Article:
All 7 Star Wars film openings, ranked

Contributed by
Mar 2, 2016

There’s nothing quite like the first minutes of a Star Wars movie, after the 20th Century Fox fanfare (now, sadly, gone) plays, the Lucasfilm logo appears, and the words “A long time ago in a galaxy far, far away” fade. Those first moments when you see the words Star Wars and hear the notes of the main title start to play make you feel like you’re about to join an amazing adventure! The scene for each episode is then set by an opening crawl before the camera moves through space to start us on what we always hope will be an unforgettable journey.

There are many different elements that come together for these epic Star Wars openings. From the wording of the opening crawl to the first scene to the music that follows the main title, all of these pieces play a key role in making the beginning of an episode great. In my opinion, among the seven current main Star Wars films some openings are definitely better than others. So which ones stand out from the rest? Here’s how I would rank the beginnings of all seven Star Wars films.

Which Star Wars opening is your favorite? Tell us in the comments!

The Phantom Menace

While I enjoy The Phantom Menace a lot more than many Star Wars fans probably do, I can’t deny that the opening to the first prequel film leaves something to be desired. The opening crawl certainly doesn’t capture the excitement of the movie right away. How can it, with a second line like “the taxation of trade routes to outlying star systems is in dispute” and a second paragraph mentioning shipping? These are things I think the movie handles better through showing us what’s happening than the crawl does in telling us what’s happening. It’s only the last paragraph that is really interesting as it finally mentions the Jedi Knights before the camera moves to follow a ship approaching the blockade.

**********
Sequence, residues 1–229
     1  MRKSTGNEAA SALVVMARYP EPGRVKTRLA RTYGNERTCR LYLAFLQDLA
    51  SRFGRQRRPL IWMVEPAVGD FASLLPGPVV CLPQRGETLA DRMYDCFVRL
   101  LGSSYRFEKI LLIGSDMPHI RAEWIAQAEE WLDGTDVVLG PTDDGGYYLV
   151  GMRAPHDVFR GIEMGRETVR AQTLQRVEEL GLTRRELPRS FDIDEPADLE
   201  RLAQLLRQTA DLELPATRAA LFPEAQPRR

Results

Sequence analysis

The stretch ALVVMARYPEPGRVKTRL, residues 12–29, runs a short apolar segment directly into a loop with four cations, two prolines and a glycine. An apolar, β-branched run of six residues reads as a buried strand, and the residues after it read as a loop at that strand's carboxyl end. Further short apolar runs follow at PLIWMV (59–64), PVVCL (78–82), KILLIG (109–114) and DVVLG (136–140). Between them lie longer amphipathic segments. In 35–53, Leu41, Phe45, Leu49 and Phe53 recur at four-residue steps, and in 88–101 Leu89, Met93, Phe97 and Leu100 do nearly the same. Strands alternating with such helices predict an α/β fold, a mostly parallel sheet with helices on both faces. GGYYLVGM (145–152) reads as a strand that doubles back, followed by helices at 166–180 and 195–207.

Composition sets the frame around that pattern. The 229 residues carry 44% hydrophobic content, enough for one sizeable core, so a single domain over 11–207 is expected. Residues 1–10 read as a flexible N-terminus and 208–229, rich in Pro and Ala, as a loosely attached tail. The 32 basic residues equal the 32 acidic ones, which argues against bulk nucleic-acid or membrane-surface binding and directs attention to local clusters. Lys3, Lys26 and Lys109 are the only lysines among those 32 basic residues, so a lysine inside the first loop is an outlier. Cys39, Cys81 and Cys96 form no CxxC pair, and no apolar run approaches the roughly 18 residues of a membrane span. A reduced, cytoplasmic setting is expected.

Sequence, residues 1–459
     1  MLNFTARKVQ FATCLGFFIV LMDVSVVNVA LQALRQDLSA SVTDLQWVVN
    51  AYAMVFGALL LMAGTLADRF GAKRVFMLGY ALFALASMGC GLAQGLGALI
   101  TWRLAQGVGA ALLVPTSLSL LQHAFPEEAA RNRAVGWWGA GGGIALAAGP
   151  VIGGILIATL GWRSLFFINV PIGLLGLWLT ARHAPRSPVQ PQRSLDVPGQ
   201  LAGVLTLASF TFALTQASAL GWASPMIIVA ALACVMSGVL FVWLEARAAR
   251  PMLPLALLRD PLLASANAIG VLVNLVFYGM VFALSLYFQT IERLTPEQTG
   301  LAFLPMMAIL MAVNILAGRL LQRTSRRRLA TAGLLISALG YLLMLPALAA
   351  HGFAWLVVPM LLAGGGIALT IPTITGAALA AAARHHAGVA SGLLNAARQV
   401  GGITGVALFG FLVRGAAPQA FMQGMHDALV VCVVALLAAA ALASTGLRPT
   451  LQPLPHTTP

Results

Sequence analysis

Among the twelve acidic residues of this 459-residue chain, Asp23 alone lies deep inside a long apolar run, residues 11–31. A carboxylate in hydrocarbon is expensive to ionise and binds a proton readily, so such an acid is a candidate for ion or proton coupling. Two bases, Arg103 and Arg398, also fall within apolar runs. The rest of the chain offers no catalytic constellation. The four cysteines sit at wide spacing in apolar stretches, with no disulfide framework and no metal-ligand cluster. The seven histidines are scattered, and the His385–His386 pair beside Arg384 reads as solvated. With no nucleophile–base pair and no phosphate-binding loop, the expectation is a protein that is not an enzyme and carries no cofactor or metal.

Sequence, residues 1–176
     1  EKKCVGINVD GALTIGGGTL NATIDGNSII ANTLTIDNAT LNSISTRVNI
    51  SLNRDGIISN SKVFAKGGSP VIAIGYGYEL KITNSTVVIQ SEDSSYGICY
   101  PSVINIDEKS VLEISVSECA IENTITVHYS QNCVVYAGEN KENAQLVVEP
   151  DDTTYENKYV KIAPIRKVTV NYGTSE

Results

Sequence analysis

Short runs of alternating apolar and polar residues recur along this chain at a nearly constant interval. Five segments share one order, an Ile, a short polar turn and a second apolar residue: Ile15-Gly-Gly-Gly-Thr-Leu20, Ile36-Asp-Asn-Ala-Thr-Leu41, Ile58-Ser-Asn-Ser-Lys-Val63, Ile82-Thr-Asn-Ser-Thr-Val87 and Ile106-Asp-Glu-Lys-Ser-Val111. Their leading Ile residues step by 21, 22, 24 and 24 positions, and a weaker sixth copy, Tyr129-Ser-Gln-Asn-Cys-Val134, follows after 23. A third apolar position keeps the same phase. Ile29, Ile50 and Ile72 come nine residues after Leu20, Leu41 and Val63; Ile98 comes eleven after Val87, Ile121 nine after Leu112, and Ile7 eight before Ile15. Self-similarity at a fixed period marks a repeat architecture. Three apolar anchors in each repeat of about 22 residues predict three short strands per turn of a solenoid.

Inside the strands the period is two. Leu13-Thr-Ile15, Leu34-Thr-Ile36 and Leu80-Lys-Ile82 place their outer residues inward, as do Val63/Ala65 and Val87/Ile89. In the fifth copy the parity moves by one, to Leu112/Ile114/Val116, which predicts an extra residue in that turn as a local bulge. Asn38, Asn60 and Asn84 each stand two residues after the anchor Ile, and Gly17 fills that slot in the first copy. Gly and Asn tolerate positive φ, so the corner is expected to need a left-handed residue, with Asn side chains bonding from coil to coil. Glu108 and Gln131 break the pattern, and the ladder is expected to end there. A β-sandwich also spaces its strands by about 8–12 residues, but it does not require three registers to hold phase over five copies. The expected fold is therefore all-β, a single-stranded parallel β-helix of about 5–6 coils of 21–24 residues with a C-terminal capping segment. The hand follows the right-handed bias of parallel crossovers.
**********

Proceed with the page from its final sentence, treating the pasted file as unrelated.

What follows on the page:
What follows the crawl starts off slow as the ship lands and the two Jedi are escorted to a room by TC-14. The music follows suit, remaining soft and in the background. Once the Jedi’s identities are revealed and we learn it’s a young Obi-Wan Kenobi saying the familiar line “I’ve got a bad feeling about this” things start to get more exciting. The opening might lay the necessary groundwork for entering the film after so many years away from Star Wars, but until the Jedi start to fight for survival the rest just doesn’t stand up to the way the other movies start. It takes too long to get going. Even the music after the main title doesn’t really stand out. It’s subtle, distinctly Star Wars, and classic John Williams, but unlike music in other installments it’s not something you’ll probably want to revisit and listen to repeatedly all on its own.

Attack of the Clones

It pains me to put Attack of the Clones ahead of The Phantom Menace on any list, since I think the movie is clearly the worst out of all seven. However, I have to give it points for doing a tiny bit better in the opening. While the crawl discusses politics, it does so in a better way than Episode I did. It’s easier to understand, slightly more interesting, and introduces a new intriguing character in “the mysterious Count Dooku.” It ends by connecting us to a familiar character before panning to follow familiar looking Naboo ships to a beautiful and foggy Coruscant.

The music is light and enigmatic while growing tenser as the ship lands. You know something bad is going to happen even before Captain Typho states, “I guess I was wrong. There was no danger at all,” but even though you see it coming from a mile away, at least when the ship explodes, it does feel like things were building to that point a bit. It establishes the dangerous situation our characters find themselves in and the emotional toll it will take through the now Senator Padmé Amidala’s reaction to the death of one of her handmaidens. Moving to a stressed conversation between Chancellor Palpatine and the Jedi, the opening is a decent set up that unfortunately is not followed by a decent movie.